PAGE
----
Information about the execution of death row inmates in Mississippi could be kept secret.
Senate Bill 2237 entitled "Execution Secrecy Bill" passed the Senate Tuesday.
Attorney Gen. Jim Hood approached Senator Joey Fillingane to write the bill in hopes to protect those involved in the execution process from the harassment of protesters and death penalty opponents.
“This Bill attempts to prevent harassing and intimidating innocent people who are merely carrying out their duties as part of their employment in the state of Mississippi,” Fillingane said.
The bill states:
“The identities of all members of the execution team, the supplier or suppliers of lethal injection drugs, and the identities of those witnesses as provided for in Section 99-19-55 (2) shall at all times remain confidential, and the information is exempt from disclosure under the provisions of the Mississippi Public Records Act of 1983.”
Fillingane said the bill is more about protecting the suppliers than the inmates.
“These are not nice people, these are people that have been convicted by a jury of their peers and sentenced to the death penalty and we are executing that judgment,” Fillingane said. “It will be affected in a way that is efficient, and obviously there are no qualms as to the efficacy of the drugs that are being used.”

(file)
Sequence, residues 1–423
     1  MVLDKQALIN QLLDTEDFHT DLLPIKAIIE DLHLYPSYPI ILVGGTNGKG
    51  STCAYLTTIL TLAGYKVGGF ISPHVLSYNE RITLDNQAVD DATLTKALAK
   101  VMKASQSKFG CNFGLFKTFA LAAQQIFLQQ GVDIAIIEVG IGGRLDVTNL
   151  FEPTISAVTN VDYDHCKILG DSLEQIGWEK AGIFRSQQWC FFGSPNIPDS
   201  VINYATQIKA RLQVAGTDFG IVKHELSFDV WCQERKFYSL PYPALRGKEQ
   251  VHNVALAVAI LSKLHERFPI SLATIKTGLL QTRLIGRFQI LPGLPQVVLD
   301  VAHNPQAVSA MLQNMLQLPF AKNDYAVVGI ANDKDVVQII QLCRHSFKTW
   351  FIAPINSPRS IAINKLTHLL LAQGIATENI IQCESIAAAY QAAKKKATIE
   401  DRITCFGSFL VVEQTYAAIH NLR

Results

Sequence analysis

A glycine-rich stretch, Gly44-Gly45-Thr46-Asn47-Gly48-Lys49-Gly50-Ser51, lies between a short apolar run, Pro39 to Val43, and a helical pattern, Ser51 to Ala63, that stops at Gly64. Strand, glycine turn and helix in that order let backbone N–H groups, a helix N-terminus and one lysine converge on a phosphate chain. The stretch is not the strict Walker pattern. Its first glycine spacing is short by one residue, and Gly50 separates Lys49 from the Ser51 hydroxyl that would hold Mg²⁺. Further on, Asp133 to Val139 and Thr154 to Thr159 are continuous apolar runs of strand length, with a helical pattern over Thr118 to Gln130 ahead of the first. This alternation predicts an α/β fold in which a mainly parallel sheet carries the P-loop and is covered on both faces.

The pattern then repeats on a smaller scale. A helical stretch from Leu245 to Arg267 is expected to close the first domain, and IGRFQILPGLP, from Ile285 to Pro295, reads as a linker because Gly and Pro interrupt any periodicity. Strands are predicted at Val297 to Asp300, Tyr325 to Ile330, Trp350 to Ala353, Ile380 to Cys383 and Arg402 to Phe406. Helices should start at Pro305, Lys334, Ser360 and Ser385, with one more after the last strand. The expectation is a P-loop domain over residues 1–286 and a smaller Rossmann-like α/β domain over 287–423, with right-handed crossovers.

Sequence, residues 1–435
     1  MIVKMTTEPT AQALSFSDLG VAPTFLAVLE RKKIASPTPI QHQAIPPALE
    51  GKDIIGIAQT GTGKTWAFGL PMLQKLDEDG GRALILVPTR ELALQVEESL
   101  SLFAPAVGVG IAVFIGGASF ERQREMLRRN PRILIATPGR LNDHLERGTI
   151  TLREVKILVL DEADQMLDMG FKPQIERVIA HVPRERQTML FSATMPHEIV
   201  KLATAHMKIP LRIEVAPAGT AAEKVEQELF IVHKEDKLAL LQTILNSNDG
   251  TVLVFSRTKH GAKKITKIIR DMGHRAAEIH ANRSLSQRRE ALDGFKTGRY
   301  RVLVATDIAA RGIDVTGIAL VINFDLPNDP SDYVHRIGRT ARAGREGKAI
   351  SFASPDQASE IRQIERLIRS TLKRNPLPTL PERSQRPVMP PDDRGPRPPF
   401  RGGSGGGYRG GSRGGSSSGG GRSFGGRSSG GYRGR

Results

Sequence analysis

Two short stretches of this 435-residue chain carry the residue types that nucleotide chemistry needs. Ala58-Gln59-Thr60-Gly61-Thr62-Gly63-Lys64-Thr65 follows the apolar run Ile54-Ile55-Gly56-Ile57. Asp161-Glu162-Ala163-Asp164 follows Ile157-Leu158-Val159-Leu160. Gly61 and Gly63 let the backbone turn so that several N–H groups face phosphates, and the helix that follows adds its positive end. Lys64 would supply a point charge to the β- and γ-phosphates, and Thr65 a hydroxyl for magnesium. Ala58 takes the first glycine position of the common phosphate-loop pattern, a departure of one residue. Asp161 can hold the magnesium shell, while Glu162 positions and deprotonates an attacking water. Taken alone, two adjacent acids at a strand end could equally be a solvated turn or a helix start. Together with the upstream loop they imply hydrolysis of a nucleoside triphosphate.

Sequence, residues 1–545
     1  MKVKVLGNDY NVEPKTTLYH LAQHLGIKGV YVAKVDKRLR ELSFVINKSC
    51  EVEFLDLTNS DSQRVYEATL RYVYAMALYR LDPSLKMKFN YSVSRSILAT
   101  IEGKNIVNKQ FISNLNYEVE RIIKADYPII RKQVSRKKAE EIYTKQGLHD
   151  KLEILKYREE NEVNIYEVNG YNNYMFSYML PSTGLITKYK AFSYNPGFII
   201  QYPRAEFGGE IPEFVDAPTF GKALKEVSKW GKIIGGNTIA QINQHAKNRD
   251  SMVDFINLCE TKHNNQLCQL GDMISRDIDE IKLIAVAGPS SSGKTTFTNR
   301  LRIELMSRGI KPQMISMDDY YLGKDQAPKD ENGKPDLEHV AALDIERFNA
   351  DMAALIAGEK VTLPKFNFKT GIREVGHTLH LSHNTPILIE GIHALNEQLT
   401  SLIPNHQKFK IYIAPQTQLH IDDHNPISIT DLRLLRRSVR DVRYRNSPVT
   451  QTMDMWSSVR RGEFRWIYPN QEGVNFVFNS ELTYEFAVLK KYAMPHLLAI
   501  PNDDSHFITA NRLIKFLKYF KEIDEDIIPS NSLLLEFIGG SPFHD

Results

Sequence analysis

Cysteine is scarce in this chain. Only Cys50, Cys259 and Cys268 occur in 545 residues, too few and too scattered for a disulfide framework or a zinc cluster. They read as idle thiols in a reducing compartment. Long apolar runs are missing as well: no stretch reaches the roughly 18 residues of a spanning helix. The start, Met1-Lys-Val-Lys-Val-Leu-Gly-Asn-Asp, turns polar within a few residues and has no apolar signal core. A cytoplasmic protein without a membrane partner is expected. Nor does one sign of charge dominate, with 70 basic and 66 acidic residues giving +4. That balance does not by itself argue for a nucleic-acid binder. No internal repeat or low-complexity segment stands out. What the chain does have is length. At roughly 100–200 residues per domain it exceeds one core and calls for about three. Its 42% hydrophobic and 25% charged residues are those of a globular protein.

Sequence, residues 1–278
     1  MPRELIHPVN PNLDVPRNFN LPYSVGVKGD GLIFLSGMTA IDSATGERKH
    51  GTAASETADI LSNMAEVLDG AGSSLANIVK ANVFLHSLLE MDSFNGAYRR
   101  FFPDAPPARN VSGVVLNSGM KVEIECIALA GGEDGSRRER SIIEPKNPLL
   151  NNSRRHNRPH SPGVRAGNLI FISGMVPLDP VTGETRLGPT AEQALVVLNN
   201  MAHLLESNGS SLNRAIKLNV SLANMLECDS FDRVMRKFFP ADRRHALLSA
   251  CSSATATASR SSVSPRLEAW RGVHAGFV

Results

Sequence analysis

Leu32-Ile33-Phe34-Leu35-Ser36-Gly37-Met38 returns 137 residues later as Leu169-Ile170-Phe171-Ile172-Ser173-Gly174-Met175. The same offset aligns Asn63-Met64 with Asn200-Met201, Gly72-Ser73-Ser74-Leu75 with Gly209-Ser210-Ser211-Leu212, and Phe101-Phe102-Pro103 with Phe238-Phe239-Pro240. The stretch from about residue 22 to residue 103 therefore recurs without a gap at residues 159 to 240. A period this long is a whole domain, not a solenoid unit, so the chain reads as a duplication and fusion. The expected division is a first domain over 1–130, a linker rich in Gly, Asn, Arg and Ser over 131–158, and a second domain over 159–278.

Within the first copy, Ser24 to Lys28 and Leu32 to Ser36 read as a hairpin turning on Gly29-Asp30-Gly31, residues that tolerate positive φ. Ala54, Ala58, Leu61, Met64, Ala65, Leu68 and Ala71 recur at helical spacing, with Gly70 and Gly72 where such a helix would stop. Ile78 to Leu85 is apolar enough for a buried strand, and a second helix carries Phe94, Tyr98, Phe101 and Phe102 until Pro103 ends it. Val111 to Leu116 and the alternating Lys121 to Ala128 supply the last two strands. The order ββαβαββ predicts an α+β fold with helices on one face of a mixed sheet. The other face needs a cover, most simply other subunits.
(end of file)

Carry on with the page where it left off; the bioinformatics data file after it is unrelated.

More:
Opponents of the bill say there are qualms, and that information about the drugs and the training of the staff should be available to the public.
“I think it’s a red herring just to be frank,” said Charles Irvin, legal director of the American Civil Liberties Union of Mississippi. “Let’s put safety and security to the forefront because people will focus on that instead of focus on the fact that really the bill is designed to take away transparency from the drug companies who are supplying the drugs.”
Irvin said inmates also have a right to protection.
“Public records should not be removed from this process because how else can we find out how the execution takes place and what steps are being taken to carry out a successful execution and ensure that its important with the 8th amendment,” Irvin said.
Similar legislation has been passed in Oklahoma, Georgia and Arkansas.